The Thai royal family is protected from control by one of the strictest defamation laws in the world, according to which criticizing or insulting the king, queen or obvious heir is punishable by a maximum of 15 years in prison for each census.
Noraset, a member of Thai human rights lawyers, said in a Facebook post that the five turned themselves in to police in response to a summons, accusing them of violating the law lese majeste
“The allegation is derived from expressing their views,” he said.
In addition, three others – Tattep Ruangprakitseri, Pacaravali Tanakvitvibulpon and Jutatip Sirikhan – have also been summoned on charges of lese majeste and must report to police by December 7th.
The revival of the law comes as protesters head to an army barracks on Sunday in defiance of King Maha Vajiralongkorn’s personal control over some army units. Protesters also gathered around the headquarters of Siam’s commercial bank in Bangkok last Wednesday to unite against the transfer of royal assets to Vajiralongkorn’s personal purse.
The protesters called for the monarch to be accountable to the constitution, limit the king’s powers and demand transparency regarding his finances.
Outside the Chanasongkram police station on Monday, prominent activist Parit said: “If the monarchy showed any signs of listening to the people, they would think the monarchy was open. But if the monarchy responded by using section 112 (lese majeste) to silence people , it only shows the Thai and international community that the Thai monarchy is afraid of the truth. “
Lese majeste fees show a thinning of patience
Despite recent calls for reform of the monarchy, no charges of magnificence have been filed since March 2018. Prayut said in June that the law was no longer enforced at the request of the king.
Prayut then said the situation had not escalated and called on the government to “step up” measures and use “all applicable laws” against protesters who violate the law. The call for leading pro-democracy activists shows that the authorities have exhausted their patience with a protest movement that has not been delayed by arrests and escalating police action.
“The reintroduction of the lese majeste law signals the strengthening of the royalist establishment’s ‘rollist’, manipulating all available legal instruments backed by a partial judiciary to quell what is in practice an uprising led by younger Thais,” he said. Titinan Pongsudhirak, political scientist and director of the Institute for Security and International Studies at Chulalongkorn University.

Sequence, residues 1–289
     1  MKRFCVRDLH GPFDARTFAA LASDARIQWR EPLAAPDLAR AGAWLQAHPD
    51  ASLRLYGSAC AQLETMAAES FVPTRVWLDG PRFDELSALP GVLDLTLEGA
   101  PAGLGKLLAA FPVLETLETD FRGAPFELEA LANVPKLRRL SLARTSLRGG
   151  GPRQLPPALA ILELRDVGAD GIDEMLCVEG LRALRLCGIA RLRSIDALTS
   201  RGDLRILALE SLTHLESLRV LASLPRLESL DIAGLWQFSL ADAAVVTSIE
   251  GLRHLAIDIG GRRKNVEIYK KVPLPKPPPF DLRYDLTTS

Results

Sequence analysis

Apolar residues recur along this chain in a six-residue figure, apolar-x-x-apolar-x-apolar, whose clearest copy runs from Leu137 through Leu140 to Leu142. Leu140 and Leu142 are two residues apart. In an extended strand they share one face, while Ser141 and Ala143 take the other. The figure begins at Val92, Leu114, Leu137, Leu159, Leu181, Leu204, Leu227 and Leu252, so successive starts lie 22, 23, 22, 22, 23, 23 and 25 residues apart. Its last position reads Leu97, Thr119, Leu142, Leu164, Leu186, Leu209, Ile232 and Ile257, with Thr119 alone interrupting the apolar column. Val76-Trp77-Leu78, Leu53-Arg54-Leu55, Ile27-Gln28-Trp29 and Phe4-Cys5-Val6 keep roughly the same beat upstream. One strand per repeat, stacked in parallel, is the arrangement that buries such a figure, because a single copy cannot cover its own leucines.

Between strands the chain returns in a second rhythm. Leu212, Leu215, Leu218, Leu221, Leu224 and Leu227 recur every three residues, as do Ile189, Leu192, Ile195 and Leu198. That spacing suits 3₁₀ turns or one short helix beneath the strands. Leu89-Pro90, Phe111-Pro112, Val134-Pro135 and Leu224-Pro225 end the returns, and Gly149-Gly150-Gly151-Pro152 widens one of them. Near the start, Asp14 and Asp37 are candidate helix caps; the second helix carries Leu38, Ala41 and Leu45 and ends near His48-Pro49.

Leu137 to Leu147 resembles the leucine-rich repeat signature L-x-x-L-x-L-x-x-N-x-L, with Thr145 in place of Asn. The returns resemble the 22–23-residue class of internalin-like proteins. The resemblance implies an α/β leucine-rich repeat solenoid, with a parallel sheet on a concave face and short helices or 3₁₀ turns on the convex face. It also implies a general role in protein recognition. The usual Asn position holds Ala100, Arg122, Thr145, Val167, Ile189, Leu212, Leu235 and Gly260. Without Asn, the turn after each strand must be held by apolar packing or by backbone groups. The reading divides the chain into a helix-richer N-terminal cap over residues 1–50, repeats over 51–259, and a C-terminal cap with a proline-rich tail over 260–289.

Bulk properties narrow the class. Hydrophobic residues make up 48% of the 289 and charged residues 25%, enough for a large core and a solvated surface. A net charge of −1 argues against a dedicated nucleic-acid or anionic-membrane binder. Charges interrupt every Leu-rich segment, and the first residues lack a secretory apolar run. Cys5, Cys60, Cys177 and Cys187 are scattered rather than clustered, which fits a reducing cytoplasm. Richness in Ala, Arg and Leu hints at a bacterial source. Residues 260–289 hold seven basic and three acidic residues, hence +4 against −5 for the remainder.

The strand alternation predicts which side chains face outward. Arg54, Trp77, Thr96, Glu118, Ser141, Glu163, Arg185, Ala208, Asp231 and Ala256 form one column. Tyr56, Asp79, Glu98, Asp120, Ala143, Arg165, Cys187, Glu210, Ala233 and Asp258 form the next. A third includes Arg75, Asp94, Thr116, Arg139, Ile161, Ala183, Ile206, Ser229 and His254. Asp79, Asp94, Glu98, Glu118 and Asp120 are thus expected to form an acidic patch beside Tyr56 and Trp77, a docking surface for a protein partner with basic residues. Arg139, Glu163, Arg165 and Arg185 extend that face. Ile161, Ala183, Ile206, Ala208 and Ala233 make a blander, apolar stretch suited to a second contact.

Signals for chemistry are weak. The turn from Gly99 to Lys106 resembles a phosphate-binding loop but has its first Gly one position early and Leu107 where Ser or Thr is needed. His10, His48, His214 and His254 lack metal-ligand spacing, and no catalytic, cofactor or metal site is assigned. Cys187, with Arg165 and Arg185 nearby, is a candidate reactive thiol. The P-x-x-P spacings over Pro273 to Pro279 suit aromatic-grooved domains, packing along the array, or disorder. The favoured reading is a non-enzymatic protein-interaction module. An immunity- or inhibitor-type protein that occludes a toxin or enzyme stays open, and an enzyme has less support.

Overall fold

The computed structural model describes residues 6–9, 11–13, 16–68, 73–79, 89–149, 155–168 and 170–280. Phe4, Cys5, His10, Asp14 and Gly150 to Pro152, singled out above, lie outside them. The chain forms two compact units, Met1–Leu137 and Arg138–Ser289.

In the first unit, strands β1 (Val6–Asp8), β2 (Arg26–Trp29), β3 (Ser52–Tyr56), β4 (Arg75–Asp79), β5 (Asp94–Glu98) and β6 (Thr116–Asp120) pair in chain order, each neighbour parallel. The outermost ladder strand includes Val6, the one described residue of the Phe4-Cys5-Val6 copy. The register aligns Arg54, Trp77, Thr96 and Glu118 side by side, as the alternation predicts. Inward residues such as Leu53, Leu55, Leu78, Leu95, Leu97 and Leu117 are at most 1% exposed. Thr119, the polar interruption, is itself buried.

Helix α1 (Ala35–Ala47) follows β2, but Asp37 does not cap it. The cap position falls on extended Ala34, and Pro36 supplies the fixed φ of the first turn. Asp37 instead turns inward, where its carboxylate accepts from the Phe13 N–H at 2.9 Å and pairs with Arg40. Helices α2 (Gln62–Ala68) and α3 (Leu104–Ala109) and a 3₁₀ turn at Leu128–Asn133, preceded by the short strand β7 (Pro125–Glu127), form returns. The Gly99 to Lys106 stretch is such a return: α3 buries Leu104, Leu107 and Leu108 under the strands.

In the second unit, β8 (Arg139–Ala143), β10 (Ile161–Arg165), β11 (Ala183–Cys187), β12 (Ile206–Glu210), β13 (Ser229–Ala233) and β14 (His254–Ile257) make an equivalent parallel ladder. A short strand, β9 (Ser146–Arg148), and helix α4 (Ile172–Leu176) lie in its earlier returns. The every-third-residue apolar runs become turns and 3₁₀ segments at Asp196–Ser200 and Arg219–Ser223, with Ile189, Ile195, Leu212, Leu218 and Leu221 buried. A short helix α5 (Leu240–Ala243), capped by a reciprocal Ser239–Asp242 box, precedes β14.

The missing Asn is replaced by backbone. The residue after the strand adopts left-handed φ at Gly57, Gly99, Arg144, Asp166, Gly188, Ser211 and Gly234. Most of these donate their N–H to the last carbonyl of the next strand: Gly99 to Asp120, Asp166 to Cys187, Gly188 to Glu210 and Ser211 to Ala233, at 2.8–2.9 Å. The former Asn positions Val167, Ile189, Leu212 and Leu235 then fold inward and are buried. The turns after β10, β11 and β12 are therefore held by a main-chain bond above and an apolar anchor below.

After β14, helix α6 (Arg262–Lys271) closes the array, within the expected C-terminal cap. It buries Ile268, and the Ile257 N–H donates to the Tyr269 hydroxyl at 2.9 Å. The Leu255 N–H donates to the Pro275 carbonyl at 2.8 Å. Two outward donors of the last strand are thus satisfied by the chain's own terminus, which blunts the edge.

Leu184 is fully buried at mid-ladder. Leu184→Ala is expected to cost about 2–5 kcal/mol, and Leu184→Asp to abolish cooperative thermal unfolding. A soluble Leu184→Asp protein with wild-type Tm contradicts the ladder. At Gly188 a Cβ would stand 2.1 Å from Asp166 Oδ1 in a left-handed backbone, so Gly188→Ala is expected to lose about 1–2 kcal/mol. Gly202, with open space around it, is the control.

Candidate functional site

“Their strategy is to use oppressive laws as a tight shirt to keep protest leaders tied up and thus behead the protest movement to reform the monarchy with a new constitution.”
Previously, lese majeste was increasingly used as a political tool, as ordinary Thai citizens – as well as the government – could bring charges on behalf of the king. There are now fears that complaints against protesters will become more frequent.
According to Titinan, the law could “provide legal weapons to ultra-royalists to charge those who call for reform of the monarchy.”
The protesters are targeting King’s finances
They accused the monarchy of giving legitimacy to military rulers in exchange for their firm support for the monarchy. There have been 13 successful military coups since 1932, the most recent being when the current prime minister and former army chief, Prayut, took power in 2014.
In addition to consolidating his power, protesters examined the king’s financial behavior as the country struggled with the economic consequences of the coronavirus pandemic.
Shares of various Thai conglomerates – including Siam Commercial Bank and the public company Siam Cement – were listed on behalf of the king. According to the Thai Stock Exchange, Vajiralongkorn is the largest shareholder in SCB, holding nearly 800 million shares worth approximately $ 2.3 billion at current exchange rates.
Protesters called for an investigation into the king’s financial activities and for greater transparency and public oversight of the royal budget.
Sunay Fasuk, a senior researcher in Thailand at Human Rights Watch, said the revival of lese majeste “is a clear message that these issues will not be tolerated and there will be no compromise with demands.”
“As anti-democracy protesters break a long-standing taboo that forbids the Thai people from criticizing and challenging the monarchy, the state’s reactions are getting harsher and harsher, sending the country even more upset,” he said.
Thai human rights lawyers say at least 175 people were prosecuted for participating in political protests between July 18 and November 13. Many face illegal punishments for rallies, but some protest leaders have been charged with insurrection, which takes a maximum of seven years in prison.
Titinan said lese majeste fees are unlikely to take the wind off the roads.
“The student-led protest movement is obviously horizontal, not easy to quell from above. So the protesters are likely to continue their frustrated frustration with Thailand’s outdated political system, which has led the country to economic stagnation,” he said.